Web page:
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A Journey of Learning, Resilience, and Contribution - Conducting a PhD in Germany

Schaufenster: Mariam Farda-Sarbas

Schaufenster: Mariam Farda-Sarbas
Image Credit: Mariam Farda-Sarbas

Mariam is a DAAD scholarship holder and researcher at the Human-Centered Computing Research Group. Her work focuses on data and user diversity in Wikidata.

In December 2017, I arrived in Germany from my home country, Afghanistan, to pursue my Ph.D. Although I had previously earned my master's degree in Germany in 2010, embarking on a Ph.D. journey in a foreign country still proved to be a profound experience that intertwines personal growth with academic exploration. After successfully submitting my dissertation in September 2023 and while preparing my defense that will take place in April 2024, it is time to reflect on the academic and personal journey that I've completed over the last few years. 

Exploring Multilingualism in the Semantic Web Landscape

I started my PhD with a topic that focused on multilingualism in the vast domain of the Semantic Web. Gradually, I narrowed my focus to the application domain of Wikidata, an open and structured knowledge base. Bringing these two topics and fields of interest together, I decided to investigate the multilingual dimension of Wikidata. I approached this field by first conducting a mapping study of the related research landscape. My study revealed dominant research topics, areas of limited research, and notable gaps. With this study, I could map and understand ongoing research on multilingualism in the Wikidata context, which led to my insight into the overarching topic of knowledge diversity, which consequently became the focus of my Ph.D. thesis.

Intrigued by Wikidata's aspirations to become a global knowledge base, I observed its escalating popularity, particularly as a foundational data source for numerous projects. However, a notable challenge was emerging simultaneously: the significant impact of automated edits by a limited group of bots (automated accounts run by operators) that overshadowed the contributions of tens of thousands of human users. Seen against the backdrop of Wikidata's ambition to become a global knowledge base, the impact of automated bot edits revealed an interesting dichotomy: A platform that is primarily driven by contributions from bots raises questions about the actual diversity and quality of the global knowledge it seeks to serve.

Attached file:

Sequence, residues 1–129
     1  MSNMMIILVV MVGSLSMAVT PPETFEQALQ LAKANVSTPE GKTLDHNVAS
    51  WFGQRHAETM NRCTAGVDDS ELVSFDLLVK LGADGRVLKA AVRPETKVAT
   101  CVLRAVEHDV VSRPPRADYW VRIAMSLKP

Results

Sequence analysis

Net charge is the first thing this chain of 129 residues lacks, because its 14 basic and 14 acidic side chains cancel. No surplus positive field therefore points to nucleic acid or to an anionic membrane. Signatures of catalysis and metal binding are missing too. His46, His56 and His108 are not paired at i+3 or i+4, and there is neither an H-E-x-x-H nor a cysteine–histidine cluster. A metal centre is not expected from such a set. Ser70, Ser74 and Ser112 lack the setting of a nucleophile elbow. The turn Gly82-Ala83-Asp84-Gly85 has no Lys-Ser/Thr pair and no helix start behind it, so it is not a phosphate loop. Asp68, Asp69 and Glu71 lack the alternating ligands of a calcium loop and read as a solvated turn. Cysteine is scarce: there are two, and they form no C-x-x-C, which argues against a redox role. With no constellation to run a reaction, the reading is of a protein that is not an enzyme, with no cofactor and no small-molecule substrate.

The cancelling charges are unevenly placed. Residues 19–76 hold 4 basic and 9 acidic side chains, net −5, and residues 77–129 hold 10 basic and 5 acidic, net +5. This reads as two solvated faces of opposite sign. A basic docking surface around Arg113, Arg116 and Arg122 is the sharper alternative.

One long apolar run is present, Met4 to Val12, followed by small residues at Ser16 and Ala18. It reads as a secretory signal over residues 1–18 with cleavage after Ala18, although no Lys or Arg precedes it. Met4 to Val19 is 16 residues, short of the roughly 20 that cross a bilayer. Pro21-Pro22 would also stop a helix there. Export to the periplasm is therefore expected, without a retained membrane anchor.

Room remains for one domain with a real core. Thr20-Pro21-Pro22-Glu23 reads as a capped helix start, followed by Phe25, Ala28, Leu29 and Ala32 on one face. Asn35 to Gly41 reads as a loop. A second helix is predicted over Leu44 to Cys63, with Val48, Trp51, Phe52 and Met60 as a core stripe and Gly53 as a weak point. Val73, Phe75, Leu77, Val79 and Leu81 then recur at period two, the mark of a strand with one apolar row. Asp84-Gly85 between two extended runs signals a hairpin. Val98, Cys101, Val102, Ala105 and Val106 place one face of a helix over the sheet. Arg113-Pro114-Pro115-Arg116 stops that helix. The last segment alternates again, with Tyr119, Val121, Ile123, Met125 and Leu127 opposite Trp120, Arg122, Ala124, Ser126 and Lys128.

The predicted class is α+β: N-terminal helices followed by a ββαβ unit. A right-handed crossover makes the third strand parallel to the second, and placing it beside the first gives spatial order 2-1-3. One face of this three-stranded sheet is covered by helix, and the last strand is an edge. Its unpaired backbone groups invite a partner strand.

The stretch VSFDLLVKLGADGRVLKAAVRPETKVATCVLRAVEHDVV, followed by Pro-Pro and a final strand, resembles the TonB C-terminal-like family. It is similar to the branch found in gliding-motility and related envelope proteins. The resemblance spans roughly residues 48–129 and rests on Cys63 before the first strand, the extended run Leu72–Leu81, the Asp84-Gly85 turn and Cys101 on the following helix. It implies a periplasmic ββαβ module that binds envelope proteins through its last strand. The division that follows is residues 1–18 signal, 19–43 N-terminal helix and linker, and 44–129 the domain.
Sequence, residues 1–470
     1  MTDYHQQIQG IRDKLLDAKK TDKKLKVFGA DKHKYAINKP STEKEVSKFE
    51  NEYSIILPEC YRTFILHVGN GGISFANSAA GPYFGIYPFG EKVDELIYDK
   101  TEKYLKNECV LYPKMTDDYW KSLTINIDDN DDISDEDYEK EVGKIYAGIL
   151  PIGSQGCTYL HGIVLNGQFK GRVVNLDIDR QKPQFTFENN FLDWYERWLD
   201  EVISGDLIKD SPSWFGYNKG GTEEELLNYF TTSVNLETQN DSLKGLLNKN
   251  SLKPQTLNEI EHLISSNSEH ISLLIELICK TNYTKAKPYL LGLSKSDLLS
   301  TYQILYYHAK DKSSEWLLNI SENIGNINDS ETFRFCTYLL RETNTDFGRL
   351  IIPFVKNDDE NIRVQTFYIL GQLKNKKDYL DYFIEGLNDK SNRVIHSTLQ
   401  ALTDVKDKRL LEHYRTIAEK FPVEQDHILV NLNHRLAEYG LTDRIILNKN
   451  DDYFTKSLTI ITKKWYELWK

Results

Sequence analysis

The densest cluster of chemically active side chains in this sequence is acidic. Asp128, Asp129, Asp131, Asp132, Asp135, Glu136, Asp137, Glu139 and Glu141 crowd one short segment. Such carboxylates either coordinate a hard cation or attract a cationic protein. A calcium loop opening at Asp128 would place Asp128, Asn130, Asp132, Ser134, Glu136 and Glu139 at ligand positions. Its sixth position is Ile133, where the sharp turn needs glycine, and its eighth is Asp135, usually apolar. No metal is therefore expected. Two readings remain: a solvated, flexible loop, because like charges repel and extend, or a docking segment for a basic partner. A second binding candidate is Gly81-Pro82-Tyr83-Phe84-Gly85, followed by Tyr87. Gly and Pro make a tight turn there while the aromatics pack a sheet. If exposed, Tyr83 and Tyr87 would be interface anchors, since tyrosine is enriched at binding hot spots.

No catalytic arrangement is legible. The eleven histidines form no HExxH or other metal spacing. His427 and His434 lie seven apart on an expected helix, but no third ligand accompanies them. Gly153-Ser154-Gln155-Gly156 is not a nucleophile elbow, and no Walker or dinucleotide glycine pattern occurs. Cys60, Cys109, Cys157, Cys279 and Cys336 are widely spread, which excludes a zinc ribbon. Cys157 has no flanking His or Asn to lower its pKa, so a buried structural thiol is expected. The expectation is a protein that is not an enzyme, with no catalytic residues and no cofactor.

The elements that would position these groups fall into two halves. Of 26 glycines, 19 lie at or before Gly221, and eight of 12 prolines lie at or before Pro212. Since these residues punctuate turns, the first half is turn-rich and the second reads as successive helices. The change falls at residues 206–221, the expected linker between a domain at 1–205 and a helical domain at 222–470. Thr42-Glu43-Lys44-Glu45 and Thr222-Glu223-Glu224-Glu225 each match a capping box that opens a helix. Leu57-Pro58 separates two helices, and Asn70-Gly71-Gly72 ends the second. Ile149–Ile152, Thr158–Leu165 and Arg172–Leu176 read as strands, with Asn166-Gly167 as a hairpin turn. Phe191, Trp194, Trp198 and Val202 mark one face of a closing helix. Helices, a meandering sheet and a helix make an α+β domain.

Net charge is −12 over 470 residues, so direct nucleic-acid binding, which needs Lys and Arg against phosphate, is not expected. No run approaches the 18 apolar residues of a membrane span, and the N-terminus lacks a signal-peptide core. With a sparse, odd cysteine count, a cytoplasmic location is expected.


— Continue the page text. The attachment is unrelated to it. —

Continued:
Motivated to explore the impact of bot edits on Wikidata's global knowledge representation, I wondered how this automated curation could authentically reflect the diversity of the world's population. As someone from an Eastern background working on a predominantly Western project, I also sought to understand how Wikidata could be used to better serve my language and culture.

My research evolved into an in-depth exploration of bots, diversity, and data quality in the context of Wikidata. With a group of fellow students, we collected, preprocessed, and analyzed bot request pages, leading to the publication of my first paper. This marked the beginning of a broader endeavor - creating a dataset of Wikidata's edit history to evaluate the impact of bot edits on data quality compared to human edits. The focus of my research still remained on diversity, which I addressed by introducing a diversity measurement concept from two main angles: user and data. I subsequently analyzed the impact of bots on the existing diversity levels of Wikidata.

Navigating Unforeseen Challenges: The Pandemic and Personal Struggles

The year 2020 brought unforeseen challenges with the onset of the COVID-19 pandemic, which disrupted research plans, deadlines, and schedules. Despite quarantine restrictions and the responsibility of caring for my child at home, I continued to explore the concept of diversity in the context of Wikidata. Late-night study sessions became a sanctuary, providing both progress and a welcome distraction from the ongoing challenges. As the pandemic continued, a shift to online work and study became the norm. Taking additional courses in data science equipped me with the skills necessary to analyze the data I had collected and compiled comprehensively. In early 2021, a year-long maternity leave after the birth of my second child offered both respite and reflection. Unfortunately, it coincided with the darkest days in my homeland, when women's basic rights were brutally denied. Amid this turmoil, my motivation waned, and my faith in "diversity" faltered. However, determined to take advantage of the opportunity I was given, I decided to turn this challenge into motivation.

Resilience, feedback, and the path to graduation

Upon returning to work in 2022, I navigated the complex landscape of academia with renewed vigor. Regular doctoral seminars and meetings, progress presentations, and invaluable feedback from my advisor and research team helped refine and enrich my work. More and more chapters of my dissertation took shape, and feedback encouraged me to look at my research from different angles. Reflecting on this academic journey reveals a narrative woven with resilience, adaptability, and a dedication to contribute to the ever-changing realm of knowledge. From navigating the complexities of Wikidata to facing the challenges of a global pandemic, each experience has not only influenced my research but also enriched my understanding of the transformative potential found in determination and commitment. As I approach my dissertation defense, I confidently anticipate the next chapter, knowing that this journey has prepared me to make meaningful contributions to academia and beyond.

Text: Mariam Farda-Sarbas, edited by Katrin Glinka